You can download the API examples from the Abiquo 3.8 API Examples Archive. The example pages are named based on the REST option (e.g. GET) and the URL of the API resource and method, as well as the media types and formats.The API examples are simple cURL commands designed to help new developers get an overall picture of the Abiquo API. We also hope that the examples may be useful in providing information about the vitally important resource links that can be found in most Abiquo resources, but which present challenges in documentation.
We expect every user will have their preferred tools for making quick test requests, such as POSTman, or Advanced REST client and their own development languages. Therefore, we have tried to create consistent, easy to read examples to help you quickly translate the information in the documentation into actions in the real world of the Abiquo API.
In order to quickly and efficiently produce examples of most of the requests of the very expansive Abiquo API, we have taken advantage of the output of the Abiquo integration tests. This means that dummy entities, strange text strings or empty lists may at times appear in the examples. As there around 900 examples, the revision of these files is an ongoing project.
The integration tests may be run using HTTP with a localhost address on port 9000. To use the examples, you will need to change this, for example to use HTTPS, and replace the URL and port with those of of your Abiquo system. For example, https://my.abiquo.com/api. For simplicity, user and password authentication is shown in the examples. However, for production systems, OAuth is recommended. See Authentication.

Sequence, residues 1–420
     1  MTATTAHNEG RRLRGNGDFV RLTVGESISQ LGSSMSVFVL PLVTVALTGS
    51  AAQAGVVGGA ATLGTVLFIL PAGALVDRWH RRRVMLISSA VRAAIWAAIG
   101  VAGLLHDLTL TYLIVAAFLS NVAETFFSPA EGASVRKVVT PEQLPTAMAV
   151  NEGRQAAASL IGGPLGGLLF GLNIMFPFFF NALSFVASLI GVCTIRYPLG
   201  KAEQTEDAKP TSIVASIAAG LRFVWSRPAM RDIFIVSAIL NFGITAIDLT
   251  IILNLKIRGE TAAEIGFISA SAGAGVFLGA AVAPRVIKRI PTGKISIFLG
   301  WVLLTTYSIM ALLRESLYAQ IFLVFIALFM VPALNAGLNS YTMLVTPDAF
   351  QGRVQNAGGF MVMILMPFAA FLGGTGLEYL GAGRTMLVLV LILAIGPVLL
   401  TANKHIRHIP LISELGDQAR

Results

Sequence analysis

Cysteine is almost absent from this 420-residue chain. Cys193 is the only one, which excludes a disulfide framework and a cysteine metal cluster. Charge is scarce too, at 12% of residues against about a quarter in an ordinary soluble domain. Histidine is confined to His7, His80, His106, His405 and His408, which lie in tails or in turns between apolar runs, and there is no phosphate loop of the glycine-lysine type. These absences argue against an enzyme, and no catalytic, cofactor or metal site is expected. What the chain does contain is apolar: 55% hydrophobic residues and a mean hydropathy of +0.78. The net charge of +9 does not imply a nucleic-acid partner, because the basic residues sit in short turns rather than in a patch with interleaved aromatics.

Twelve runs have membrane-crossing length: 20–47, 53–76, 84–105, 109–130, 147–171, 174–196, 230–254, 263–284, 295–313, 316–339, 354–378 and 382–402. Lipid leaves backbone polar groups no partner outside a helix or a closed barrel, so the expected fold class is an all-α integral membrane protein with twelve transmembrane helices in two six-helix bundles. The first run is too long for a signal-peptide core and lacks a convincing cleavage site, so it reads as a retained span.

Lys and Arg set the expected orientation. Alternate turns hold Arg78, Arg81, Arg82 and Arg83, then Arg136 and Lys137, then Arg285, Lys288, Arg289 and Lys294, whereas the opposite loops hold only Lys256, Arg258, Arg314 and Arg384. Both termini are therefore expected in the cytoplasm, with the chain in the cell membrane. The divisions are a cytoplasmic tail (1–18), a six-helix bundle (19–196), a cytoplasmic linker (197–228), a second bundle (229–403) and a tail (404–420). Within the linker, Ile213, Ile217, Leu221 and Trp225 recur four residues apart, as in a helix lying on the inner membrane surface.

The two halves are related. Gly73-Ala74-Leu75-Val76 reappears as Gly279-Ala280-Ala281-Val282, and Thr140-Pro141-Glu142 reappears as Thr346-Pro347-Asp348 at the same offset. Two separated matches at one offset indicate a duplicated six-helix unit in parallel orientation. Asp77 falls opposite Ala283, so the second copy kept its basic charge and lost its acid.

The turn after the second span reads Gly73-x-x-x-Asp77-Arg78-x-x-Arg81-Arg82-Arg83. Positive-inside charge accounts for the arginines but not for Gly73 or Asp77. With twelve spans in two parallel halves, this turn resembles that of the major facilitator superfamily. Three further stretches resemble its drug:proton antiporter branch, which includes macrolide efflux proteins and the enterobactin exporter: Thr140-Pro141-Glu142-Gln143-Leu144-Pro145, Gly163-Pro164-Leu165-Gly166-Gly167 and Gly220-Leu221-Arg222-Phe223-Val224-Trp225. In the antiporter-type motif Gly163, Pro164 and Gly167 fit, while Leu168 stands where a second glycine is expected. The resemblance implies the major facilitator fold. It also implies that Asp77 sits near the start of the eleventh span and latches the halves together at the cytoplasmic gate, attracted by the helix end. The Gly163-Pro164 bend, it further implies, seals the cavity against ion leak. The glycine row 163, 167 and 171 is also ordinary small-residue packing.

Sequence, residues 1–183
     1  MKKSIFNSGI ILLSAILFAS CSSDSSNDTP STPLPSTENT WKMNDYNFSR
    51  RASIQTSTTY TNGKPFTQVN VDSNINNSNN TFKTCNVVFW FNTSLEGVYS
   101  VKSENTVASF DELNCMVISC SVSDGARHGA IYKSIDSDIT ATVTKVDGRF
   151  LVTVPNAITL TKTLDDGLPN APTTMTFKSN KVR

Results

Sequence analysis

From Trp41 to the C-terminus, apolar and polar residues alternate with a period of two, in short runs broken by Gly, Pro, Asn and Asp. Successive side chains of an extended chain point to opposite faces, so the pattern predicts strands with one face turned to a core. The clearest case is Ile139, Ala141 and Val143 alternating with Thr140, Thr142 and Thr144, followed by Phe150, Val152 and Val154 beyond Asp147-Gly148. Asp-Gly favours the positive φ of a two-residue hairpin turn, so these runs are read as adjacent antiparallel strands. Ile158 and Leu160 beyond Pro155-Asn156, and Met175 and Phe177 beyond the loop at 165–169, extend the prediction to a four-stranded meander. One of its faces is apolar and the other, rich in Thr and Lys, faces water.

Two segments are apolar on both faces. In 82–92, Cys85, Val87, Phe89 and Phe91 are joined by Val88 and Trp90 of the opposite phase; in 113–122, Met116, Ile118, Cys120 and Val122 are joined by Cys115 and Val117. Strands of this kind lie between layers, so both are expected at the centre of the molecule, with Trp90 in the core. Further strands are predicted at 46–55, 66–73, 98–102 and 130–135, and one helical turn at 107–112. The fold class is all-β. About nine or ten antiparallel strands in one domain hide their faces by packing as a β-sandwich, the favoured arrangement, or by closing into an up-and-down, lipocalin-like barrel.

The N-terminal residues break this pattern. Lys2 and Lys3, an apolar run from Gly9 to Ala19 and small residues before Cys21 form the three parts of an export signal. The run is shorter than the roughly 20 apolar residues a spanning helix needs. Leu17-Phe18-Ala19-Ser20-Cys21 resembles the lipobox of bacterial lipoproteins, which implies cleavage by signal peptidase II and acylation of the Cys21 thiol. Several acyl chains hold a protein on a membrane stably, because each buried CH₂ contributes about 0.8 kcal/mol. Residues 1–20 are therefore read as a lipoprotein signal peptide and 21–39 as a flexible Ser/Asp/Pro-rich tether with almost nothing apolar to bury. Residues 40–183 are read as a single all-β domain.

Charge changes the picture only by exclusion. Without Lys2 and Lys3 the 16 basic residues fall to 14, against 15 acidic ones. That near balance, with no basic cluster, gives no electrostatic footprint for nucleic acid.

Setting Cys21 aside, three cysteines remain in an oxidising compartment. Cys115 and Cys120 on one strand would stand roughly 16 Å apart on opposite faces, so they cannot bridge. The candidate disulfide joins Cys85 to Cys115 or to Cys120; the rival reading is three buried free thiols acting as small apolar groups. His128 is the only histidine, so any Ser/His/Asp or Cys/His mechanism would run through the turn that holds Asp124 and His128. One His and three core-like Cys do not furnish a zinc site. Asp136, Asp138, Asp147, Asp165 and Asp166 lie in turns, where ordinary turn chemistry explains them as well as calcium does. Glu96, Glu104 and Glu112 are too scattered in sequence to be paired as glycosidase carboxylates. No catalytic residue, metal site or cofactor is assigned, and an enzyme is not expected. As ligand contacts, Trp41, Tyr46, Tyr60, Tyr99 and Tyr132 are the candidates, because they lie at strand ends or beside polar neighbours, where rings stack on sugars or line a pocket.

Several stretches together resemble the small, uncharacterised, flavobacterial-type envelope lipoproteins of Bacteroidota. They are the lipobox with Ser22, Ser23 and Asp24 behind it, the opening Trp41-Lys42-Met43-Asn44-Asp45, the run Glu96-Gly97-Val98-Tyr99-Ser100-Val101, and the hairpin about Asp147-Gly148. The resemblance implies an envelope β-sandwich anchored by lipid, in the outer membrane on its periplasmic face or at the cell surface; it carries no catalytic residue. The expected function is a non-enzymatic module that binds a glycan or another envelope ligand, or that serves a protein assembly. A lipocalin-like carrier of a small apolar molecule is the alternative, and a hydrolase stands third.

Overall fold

To enable cut and paste to a shell, backslashes are placed at the end of each line to escape the new line. Requests should contain single quotation marks, not back ticks. Every effort has been made to ensure that single quotation marks are used in the examples, to enable copy and paste where required. However, you may achieve better results by checking and modifying the command in a text editor before pasting it in a shell. You should always use the version number with your media types in requests to the Abiquo API in order to avoid compatibilty issues in future versions.
To ensure JSON compatibility, double quotation marks are used in JSON strings. You can validate your data entities with JSON or XML formatters or checkers.
To achieve consistency for all request payloads, regardless of their length, we use a data file format in the examples. The cURL command has a -d parameter, which indicates the request payload. The \@ symbol means that the following text is a file name. To run the query, you can create a file with the name requestpayload.<format>, where format could be json, xml, text, etc. Or you could put the request payload inline. In this case, the easiest approach is to put the authentication line (-u user:password --verbose) above the payload line with a backslash at the end. The payload line should be -d followed by single quotation marks enclosing the data entity.
Put and post requests contain a request payload. We have made these payloads visible, rather than using file attachments, because we believe that they can provide useful information about the data entities involved in each query. However, you must remember that the payloads are not a specially designed template for creating a new resource or modifying a resource. For create requests, you may be able to find examples of simple entities by looking at requests made by the Abiquo UI. For modify requests, you should perform a get of an existing object and then make your changes. See Get Started with the Abiquo API. The Abiquo API will return posts in the accept media type you specify in your requests. When you use cURL, then the response payload will be raw data. You can then pipe this output to a formatter, such as xmllint, xmlindent or pjson. Or cut and paste to format it in an online tool.
So here is an example of how a cURL command might look for a test system, where the insecure -k connection is used with https.